Damian Lillard is as humble as he is talented. When Kobe Bryant penned an open letter to the game of basketball announcing his retirement, my mind wandered like a car rolling through a poorly illuminated highway in the darkness of night. My thoughts were scattered, as I was trying to find the answer to which athlete would I intently watch in the immediate future.
It didn’t take me long to rest on two options: Russell Westbrook and Damian Lillard. They both wear the same number, and both want to win more than anything.
A few hours before the Blazers played in Philadelphia recently—and a few hours after the Flyers played their nemesis the New York Rangers—Lillard was warming-up, stretching, and putting up shots. I wasn’t too far away, as I got some photos, recorded video, and took mental notes on how he prepared for the Sixers. On my way to shootaround, I listened to some of his music (The Villains, Full Stomach, and Dead Presidents are some favorites) to mentally prepare for our conversation.
Dame sat courtside after he was finished (typically the stars will go back into the locker room), and after telling me I looked familiar (we’ve never spoken) we talked about a bevy of topics, including the difference and reasons for playing at at small school/program, versus a big time university.
“The grind and the whole mindset from growing up in Oakland is what allowed me to get here, but I think everybody has their own journey, everybody has their own story to write,” Lillard said. “For some guys they’re big time high school athletes and they go to the big schools because that’s the level that they should be playing at. For some other guys they go to a smaller school, but it’s all about developing, working hard and getting results. When I went to Weber State I wasn’t an NBA player. When I went to Weber, I didn’t belong at Kentucky. I wouldn’t have played, but I went to Weber State which is where I was good enough to play at the time, and I just continued to work and got better.”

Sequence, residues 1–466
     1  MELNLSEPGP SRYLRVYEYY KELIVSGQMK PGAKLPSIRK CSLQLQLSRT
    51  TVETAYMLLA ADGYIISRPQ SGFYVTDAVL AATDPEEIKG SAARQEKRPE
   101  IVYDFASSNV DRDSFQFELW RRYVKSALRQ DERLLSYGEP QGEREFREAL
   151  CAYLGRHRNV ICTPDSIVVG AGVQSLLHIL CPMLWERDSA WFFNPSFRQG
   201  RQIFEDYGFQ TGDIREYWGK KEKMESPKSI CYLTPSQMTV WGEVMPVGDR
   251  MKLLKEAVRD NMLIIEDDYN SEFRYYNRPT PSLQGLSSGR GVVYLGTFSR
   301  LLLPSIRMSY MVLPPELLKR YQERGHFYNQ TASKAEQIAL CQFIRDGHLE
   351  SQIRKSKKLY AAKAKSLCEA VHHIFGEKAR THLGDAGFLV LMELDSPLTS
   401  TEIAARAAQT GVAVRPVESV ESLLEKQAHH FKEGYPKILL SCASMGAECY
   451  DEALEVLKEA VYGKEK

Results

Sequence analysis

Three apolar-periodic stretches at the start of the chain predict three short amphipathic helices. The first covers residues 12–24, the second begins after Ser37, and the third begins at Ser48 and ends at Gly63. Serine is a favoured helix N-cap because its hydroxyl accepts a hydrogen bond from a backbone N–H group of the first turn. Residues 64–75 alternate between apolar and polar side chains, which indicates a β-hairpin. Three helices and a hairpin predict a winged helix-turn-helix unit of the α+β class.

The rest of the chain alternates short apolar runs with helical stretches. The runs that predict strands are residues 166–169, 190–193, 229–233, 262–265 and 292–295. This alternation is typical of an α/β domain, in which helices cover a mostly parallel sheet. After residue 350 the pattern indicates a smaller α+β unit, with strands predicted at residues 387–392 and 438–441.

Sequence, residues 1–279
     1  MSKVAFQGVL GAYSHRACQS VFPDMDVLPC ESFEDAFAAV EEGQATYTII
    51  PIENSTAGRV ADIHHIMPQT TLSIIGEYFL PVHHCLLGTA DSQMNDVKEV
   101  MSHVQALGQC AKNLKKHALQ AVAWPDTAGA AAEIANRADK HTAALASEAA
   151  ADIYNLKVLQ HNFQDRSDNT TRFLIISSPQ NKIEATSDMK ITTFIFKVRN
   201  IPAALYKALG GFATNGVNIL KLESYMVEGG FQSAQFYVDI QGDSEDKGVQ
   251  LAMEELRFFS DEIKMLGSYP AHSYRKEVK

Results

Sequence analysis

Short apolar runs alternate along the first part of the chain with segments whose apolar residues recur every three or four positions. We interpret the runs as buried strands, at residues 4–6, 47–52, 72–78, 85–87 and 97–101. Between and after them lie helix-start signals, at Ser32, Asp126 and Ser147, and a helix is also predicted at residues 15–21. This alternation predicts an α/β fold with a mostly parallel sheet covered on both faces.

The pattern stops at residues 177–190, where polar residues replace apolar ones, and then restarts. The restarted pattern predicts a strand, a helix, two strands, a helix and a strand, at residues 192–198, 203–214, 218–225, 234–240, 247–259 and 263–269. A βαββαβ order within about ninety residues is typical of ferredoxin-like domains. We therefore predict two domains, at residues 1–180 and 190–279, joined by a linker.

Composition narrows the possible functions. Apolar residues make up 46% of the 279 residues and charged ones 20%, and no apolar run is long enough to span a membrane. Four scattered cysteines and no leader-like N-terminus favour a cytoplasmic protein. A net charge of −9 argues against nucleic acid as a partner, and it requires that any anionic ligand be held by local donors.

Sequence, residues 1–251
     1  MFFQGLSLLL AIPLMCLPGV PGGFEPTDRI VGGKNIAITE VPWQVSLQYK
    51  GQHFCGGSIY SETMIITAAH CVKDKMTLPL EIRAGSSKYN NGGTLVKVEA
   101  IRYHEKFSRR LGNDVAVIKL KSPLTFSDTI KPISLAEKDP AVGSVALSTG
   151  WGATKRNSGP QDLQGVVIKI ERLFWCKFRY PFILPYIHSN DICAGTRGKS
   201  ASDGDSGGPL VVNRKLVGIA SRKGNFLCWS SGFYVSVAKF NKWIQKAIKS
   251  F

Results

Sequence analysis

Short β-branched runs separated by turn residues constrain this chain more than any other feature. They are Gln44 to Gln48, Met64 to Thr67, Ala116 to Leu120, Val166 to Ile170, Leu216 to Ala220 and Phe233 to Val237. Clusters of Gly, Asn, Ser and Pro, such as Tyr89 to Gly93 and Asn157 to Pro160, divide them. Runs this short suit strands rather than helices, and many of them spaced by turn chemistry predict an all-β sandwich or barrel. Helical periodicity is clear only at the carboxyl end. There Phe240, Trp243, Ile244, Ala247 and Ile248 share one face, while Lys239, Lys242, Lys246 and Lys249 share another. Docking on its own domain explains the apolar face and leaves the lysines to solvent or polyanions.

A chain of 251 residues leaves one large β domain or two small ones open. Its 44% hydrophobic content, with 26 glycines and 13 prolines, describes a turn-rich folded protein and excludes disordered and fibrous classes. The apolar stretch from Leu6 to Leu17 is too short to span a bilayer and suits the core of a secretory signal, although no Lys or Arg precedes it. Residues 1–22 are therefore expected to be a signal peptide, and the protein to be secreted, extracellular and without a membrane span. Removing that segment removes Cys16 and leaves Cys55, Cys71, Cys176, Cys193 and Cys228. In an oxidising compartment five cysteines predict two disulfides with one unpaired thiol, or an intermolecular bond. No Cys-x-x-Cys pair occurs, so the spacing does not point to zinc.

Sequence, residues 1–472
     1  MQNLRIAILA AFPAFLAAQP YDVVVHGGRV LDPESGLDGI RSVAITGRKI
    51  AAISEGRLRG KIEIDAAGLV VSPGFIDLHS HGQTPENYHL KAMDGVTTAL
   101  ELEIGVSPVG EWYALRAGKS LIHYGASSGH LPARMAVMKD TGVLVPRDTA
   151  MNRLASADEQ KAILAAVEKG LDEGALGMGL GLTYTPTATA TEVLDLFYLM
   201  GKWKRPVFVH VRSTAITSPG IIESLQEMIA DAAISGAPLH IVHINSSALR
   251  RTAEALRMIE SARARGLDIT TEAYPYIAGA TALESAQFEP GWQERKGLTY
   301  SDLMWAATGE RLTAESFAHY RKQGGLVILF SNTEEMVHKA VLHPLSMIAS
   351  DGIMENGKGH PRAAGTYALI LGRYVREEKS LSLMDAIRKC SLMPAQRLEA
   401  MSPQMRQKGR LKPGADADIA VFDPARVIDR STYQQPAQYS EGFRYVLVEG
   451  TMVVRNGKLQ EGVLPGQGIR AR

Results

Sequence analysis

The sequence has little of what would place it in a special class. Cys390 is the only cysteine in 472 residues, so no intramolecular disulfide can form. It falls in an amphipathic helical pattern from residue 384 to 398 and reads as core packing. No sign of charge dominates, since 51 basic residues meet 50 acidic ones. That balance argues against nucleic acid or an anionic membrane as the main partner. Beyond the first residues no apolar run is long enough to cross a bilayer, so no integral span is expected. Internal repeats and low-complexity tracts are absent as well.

He has a very calm, cool resolve about him, a testament to his wisdom and maturity. Right now his team is playing to find ways to consistently win, and because of that he doesn’t accept losing in the least bit. After losing by double digits in Philly, he gave no excuse: “It all comes down to respecting your opponent and doing the things to give yourself a chance to win the game, and we didn’t do that.”
When the team leader says things like that, people take notice. Lillard has the work ethic, humility, and desire to take Rip City to a higher level. Have patience, Portland.
Anthony Gilbert is a SLAM contributor. Follow him on Twitter.